What software do you use to listen to music on a computer?
Most people use iTunes. A few lonely folks have gotten the new Zune HD and use its software. Still others use Windows Media Player. All of them are just fine. They’re very attractive and they handle basic functions to help you buy and listen to music. If they make you happy, don’t change!*
Some of you are outgrowing those programs.
If you’ve accumulated a large music library, you’ve probably realized that iTunes and the others are terrible at handling collections of more than a few hundred songs. Navigation is clumsy and it’s nearly impossible to do a lot of handy operations on the files and tags.
Others are ripping DVDs or downloading movies and wishing that one application could handle both audio and video.
Maybe you’re starting to work on getting audio and video into the living room, or trying to figure out how to set up zones that can be controlled from a single place without the expense of Sonos or other high-end equipment.
Take a look at J River Media Center 14, the new version of my longtime favorite software for managing music and video. It’s simple enough that you can get started without being completely overwhelmed, but it keeps getting deeper as you become familiar with it. Here’s the summary:
Media Center turns your PC into a complete digital entertainment center.
- Media Center connects your PC to a stereo, TV, home theater, remote control devices, digital cameras, scanners, portable music players and UPnP player devices.
- Use Media Center for ripping and playing music, burning cds, listening to Podcasts, copying music onto a portable device and organizing your music collection using a multitude of organization fields. If you can’t find the field you need, create your own custom field.
- Encode and play all popular media formats.
- Play Web radio, TV, DVDs, Podcasts, video files and show digital images on your PC.
- Powerful utilities include three different servers for streaming music and images to remote PCs and standalone networked players.
Media Center has more advanced features than any other application for superior customization and control of a media collection.
The company recently sent out a description of the improvements in new version 14. Here are just a few:
For audio users, we’ve added VST plug-in support, headphone cross-feed, and 5.1 surround sound output for receivers capable of Dolby Digital or DTS. If you run Vista or Windows 7, please try our WASAPI output for crystal clear sound.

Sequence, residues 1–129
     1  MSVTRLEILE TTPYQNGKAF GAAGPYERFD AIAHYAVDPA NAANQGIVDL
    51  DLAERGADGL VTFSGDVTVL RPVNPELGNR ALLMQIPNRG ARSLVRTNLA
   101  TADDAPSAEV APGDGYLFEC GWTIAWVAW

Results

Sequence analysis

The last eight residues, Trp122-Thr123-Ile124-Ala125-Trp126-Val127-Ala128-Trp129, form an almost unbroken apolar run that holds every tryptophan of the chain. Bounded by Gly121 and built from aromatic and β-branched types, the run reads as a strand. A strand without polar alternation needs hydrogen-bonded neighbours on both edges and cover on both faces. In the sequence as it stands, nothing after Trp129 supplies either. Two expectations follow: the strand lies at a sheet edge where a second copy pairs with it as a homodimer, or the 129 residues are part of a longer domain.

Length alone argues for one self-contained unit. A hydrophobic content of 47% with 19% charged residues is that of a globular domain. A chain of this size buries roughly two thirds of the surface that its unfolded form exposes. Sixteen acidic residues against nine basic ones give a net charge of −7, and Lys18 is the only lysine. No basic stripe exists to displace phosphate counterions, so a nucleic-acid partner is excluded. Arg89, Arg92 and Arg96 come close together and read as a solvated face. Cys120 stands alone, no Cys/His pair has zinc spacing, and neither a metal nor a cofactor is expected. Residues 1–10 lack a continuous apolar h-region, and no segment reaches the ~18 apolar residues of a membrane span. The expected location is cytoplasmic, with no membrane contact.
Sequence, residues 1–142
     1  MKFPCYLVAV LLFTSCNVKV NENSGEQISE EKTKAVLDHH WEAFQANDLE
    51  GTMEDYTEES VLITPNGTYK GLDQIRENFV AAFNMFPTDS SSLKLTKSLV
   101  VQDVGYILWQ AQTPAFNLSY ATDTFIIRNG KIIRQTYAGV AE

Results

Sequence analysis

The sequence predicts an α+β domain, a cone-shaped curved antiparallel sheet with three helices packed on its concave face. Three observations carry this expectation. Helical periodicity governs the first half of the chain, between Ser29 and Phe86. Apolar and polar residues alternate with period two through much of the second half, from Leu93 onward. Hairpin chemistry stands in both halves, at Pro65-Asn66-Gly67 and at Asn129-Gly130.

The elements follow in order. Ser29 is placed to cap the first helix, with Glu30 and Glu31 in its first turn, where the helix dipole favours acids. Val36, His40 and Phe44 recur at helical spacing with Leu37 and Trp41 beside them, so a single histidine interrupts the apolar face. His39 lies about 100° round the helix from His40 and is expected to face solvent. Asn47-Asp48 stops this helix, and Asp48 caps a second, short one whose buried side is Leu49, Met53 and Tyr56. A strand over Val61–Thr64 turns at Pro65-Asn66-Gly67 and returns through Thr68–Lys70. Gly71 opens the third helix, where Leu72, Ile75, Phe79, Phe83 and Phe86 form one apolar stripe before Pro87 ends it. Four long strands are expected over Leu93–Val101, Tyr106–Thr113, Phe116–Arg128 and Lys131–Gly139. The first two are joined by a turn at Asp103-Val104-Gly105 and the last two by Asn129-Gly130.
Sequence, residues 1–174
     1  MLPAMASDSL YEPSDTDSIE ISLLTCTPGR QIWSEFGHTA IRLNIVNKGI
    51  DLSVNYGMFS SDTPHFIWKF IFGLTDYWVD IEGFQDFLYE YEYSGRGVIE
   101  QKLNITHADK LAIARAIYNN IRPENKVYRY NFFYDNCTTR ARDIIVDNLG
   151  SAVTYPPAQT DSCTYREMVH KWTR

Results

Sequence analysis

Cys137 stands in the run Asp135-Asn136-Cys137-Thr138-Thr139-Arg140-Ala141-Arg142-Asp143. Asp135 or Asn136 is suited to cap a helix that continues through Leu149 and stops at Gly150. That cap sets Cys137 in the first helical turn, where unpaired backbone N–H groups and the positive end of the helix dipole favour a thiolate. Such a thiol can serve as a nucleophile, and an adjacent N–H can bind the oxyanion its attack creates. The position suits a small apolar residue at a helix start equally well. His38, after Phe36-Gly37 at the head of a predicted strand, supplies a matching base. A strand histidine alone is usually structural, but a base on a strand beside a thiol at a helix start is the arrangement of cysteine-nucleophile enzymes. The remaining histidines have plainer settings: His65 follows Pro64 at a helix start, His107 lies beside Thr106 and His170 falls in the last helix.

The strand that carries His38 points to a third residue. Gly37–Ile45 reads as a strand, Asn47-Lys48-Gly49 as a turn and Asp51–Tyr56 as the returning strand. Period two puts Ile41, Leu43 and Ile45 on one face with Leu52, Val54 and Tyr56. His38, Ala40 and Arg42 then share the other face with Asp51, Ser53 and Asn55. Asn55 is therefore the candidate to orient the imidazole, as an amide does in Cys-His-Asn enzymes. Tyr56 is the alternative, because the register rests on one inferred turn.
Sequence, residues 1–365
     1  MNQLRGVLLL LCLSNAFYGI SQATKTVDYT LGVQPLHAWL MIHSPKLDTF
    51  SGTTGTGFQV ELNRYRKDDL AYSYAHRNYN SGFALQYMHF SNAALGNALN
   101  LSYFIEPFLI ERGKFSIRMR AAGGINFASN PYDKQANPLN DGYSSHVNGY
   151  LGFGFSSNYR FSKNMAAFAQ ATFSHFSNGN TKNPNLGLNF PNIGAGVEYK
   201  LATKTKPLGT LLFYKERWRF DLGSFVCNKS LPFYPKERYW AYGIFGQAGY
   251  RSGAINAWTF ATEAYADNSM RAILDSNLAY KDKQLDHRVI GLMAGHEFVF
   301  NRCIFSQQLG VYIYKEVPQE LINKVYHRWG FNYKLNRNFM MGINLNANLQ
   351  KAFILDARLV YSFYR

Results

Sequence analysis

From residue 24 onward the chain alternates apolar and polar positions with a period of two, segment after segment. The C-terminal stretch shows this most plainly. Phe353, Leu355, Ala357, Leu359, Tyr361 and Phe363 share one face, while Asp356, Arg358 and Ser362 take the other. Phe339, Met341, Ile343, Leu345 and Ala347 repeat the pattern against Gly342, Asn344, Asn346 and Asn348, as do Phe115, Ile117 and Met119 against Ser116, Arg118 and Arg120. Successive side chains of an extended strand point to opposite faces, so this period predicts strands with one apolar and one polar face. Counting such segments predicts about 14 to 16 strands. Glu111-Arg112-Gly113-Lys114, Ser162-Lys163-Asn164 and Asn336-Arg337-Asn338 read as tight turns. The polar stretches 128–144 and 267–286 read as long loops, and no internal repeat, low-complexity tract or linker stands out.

Our Performer music store is now embedded in MC14. Enjoy subscriptions or high quality 320Kbps MP3 downloads for a modest price. Based on MediaNet’s library of 5,000,000 tracks from most record labels. Also includes music videos. (Can be hidden in the plug-in manager if it’s not your thing.)
For the laid back people who use a PC as a movie player or TV, we now offer a Media Center Remote for $35 plus shipping.
If you’re tempted by the thought of a full-featured program to manage your music collection, here are a few things to consider.
- J River Media Center works with many handheld devices (including almost all iPods), but it does not work with iPhones or Zunes. Those are proprietary and locked down tight.
- In addition to its new built-in service for buying music and subscribing to unlimited streaming music, J River Media Center has a built-in connection to buy music from Amazon. Either J River’s store or Amazon are far better places to buy music than iTunes – the prices are similar but Amazon delivers high-quality MP3 files instead of Apple’s proprietary and restricted format.
- J River Media Center is not free. A license for your computers is $49.98. That will cover all of your computers, but not your friends’ and neighbors’.
- There’s a learning curve. It’s easy to get started and anything is possible but it works best if you’re willing to dig into the options a bit.
- Video is complicated. J River Media Center can do more with more different kinds of video than any program I know, but it can’t change that simple fact: video is complicated.
- Be careful! This is not for everyone. It deserves consideration and planning by people with basic computer skills. If it would even occur to you to call me and say, “I installed the program because you told me to and now my music’s gone,” then you must not install this program.
* If you’re using iTunes, Zune, or Windows Media Player, there is one important change that you should make in the program before you rip CDs, so you don’t get stuck with a collection in a proprietary format. There are some brief notes here about the details of ripping CDs in MP3 format.